Annapolis Man Sentenced To Four Years In Prison For Real Estate And Credit Card Fraud Schemes
Two co-defendants in credit card fraud scheme also sentenced to prison time
FOR IMMEDIATE RELEASE Contact ELIZABETH MORSE
www.justice.gov/usao/md at (410) 209-4885
Baltimore, Maryland – On January 30, 2018, United States District Judge James K. Bredar sentenced Joseph R. Dominici, age 31, of Annapolis, Maryland to four years in prison, followed by three years of supervised release for wire fraud and aggravated identity theft. The wire fraud charges stem from a telemarketing scheme to defraud real estate professionals around the country who paid to advertise on websites owned by Dominici. The aggravated identity theft charges stem from a scheme to use stolen credit card information to create and use fraudulent “cloned” credit cards.
On January 31, 2018, Judge Bredar sentenced Christina O. Price, age 23, of Bowie, Maryland to one year in prison followed by one year of supervised release, for her role in the credit card fraud scheme. Carlos Ledbetter, age 31, formerly of Annapolis, Maryland, was previously sentenced to six months in prison for his role in the credit card fraud, followed by four years of supervised release.
The sentences were announced by Acting United States Attorney for the District of Maryland Stephen M. Schenning; Special Agent in Charge Christopher Caruso of the United States Secret Service - Baltimore Field Office; Chief Timothy J. Altomare, Anne Arundel County Police Department; and Anne Arundel County State’s Attorney Wes Adams.
According to court documents, Dominici owned and operated JJ&M Enterprises, LLC, a business based in Annapolis, Maryland, operating to provide leads to real estate professionals seeking to advertise their services to potential homebuyers. Dominici registered two websites which he and JJ&M used to conduct business: BuyerHomeSite.com and FreeHomeFind.com.
The websites purported to contain active listings of homes for sale, and allowed potential homebuyers to browse home listings in a selected geographic area. The websites also represented to realtors or loan officers that they could pay to become a “preferred expert” in each of the geographic regions that they chose. If a prospective home buyer (user) searched the websites for properties in an area where a real estate professional had paid to become the “preferred expert,” the websites displayed an ad that included the real estate professional’s photograph and contact information. For a monthly fee of approximately $299, the websites would grant a real estate professional exclusive access to all leads generated on the websites associated with the real estate professional’s assigned geographic area.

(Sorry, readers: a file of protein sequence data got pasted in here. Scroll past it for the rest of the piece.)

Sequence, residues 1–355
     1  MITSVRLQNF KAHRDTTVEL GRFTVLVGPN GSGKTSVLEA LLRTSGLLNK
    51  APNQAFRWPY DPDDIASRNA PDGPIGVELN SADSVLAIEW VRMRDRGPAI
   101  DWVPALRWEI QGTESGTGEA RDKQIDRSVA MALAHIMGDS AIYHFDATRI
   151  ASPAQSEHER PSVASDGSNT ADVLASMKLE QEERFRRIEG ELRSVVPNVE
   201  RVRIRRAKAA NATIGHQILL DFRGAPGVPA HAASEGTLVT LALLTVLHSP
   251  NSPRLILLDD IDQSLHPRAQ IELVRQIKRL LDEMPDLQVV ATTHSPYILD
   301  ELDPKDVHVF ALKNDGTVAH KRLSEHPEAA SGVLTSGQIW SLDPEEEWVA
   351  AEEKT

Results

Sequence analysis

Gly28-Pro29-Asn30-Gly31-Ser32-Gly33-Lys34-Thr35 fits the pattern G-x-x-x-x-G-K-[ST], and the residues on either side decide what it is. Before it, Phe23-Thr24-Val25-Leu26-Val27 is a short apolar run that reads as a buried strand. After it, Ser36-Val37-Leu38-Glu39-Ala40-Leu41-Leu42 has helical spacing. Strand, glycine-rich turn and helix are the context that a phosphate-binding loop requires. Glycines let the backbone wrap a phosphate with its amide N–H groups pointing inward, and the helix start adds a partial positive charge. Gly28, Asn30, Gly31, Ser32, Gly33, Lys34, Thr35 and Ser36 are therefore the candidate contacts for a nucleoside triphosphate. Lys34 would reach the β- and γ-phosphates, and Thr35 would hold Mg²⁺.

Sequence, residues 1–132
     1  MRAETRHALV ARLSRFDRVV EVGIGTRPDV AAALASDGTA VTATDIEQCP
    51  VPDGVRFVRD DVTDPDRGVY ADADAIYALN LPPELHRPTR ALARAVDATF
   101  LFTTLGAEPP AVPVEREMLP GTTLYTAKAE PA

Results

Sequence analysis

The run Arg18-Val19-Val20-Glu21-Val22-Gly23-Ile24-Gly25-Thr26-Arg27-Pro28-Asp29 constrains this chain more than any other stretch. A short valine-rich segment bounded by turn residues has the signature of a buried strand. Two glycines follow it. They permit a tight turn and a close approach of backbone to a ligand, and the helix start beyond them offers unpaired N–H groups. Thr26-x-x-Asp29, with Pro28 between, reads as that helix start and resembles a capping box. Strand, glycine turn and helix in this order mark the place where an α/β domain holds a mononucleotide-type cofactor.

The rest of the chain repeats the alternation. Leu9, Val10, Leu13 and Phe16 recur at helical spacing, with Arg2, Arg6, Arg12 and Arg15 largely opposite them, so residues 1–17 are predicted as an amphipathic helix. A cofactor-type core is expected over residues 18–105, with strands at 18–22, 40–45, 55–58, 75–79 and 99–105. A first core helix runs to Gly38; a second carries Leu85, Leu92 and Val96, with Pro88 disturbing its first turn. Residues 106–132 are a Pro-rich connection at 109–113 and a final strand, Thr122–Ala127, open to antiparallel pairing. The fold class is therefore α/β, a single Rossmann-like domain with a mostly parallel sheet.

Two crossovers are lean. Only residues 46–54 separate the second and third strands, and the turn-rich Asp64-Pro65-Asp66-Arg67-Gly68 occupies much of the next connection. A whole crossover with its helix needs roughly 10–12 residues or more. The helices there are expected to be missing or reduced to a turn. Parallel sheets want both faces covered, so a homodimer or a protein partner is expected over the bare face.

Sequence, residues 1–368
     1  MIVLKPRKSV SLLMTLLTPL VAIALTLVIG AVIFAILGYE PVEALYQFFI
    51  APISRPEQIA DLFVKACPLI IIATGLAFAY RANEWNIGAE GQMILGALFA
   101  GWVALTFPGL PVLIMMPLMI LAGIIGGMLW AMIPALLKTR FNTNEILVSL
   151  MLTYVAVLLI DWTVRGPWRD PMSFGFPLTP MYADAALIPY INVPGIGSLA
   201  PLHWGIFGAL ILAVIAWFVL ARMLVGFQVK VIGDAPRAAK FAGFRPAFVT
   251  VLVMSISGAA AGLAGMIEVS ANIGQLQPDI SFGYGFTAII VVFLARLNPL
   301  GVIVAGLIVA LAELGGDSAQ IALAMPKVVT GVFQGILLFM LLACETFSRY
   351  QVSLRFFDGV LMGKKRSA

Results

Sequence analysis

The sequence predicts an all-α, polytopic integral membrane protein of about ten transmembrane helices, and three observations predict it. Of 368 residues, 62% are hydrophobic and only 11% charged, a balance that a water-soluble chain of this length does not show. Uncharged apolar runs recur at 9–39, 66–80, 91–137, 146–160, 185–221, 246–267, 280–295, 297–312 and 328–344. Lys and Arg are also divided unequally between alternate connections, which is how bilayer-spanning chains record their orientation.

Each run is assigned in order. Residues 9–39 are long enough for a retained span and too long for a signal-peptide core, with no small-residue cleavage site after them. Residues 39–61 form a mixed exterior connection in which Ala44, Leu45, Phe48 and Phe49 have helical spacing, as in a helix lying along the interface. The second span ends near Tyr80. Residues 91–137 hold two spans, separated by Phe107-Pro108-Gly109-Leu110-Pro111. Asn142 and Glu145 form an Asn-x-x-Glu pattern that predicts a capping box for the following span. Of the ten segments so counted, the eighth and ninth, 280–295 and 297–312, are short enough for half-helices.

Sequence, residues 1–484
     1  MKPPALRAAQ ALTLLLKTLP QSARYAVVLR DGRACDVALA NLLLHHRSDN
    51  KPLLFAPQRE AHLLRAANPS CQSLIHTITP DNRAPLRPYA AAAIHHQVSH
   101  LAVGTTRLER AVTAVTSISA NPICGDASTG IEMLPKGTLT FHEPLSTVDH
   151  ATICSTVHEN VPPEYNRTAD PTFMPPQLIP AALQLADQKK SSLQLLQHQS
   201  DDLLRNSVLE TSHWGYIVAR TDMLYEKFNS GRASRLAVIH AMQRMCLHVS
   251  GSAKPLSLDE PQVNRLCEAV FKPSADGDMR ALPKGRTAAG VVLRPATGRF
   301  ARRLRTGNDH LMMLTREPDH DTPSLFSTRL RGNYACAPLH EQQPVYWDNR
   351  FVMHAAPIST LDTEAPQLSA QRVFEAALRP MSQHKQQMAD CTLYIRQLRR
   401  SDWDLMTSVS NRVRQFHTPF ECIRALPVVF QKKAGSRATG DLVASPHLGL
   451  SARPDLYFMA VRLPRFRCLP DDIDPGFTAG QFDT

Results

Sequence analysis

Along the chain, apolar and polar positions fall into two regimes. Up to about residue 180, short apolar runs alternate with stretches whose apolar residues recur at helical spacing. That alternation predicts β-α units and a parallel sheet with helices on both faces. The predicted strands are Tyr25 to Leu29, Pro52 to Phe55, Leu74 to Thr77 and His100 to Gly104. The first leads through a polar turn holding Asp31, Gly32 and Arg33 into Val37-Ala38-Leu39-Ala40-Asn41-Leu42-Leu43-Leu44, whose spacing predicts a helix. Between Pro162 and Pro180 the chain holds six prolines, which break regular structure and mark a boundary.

From March 2014 to October 2015, Dominici represented to real estate professionals that such leads included personal information provided by a potential homebuyer, where in fact, the leads sent to the real estate professionals contained fictitious information created by Dominici and individuals employed by JJ&M. Dominici created fictitious identities, including names, email addresses and cell phone numbers. He provided cell phones to a JJ&M employee which had the name and phone number of a fictitious identity taped to the back. Dominici also posted false and duplicative “testimonials” from “satisfied” customers on the websites.
Dominici had employees make unsolicited telephone sales calls to many thousands of real estate professionals located all over the United States. Dominici provided JJ&M employees with scripts and talking points to use in soliciting real estate professionals to pay to become the “preferred expert” for their area on the websites. As a result of these sales calls, more than 1,000 real estate professionals agreed to pay approximately $299 per month to be advertised as preferred experts.
As a result of this telemarketing fraud scheme, Dominici obtained more than $895,568.31 from real estate professionals. As part of Dominici’s sentence, Judge Bredar also ordered forfeiture of Dominici’s funds in thirteen bank accounts.
In addition to the telemarketing fraud scheme, Dominici also engaged in a credit card fraud scheme, using stolen account information he obtained from corrupt restaurant servers and from a black marked “carding” website to create “cloned” credit cards. Christina Price, then a server at a restaurant in Gambrills, Maryland, used electronic devices known as “skimmers” to fraudulently obtain the credit card information of restaurant customers who paid by credit card. Price then provided this stolen customer information to Dominici, who used special equipment to encode the stolen account information onto new “cloned” credit cards. Dominici and Carlos Ledbetter, then an employee of JJ&M, used the “cloned” cards to purchase goods and services, primarily gift cards that can be used like cash. The credit card fraud scheme victimized a number of financial institutions and dozens of individuals, resulting in losses of approximately $29,280.13.
Acting United States Attorney Stephen M. Schenning commended the U.S. Secret Service, Anne Arundel County Police Department, HSI Baltimore, Prince George’s County Police Department and Anne Arundel County State’s Attorney’s Office for their work in the investigation. Mr. Schenning thanked Assistant U.S. Attorney Zachary A. Myers and Special Assistant U.S. Attorney Angela Tang, who prosecuted the case.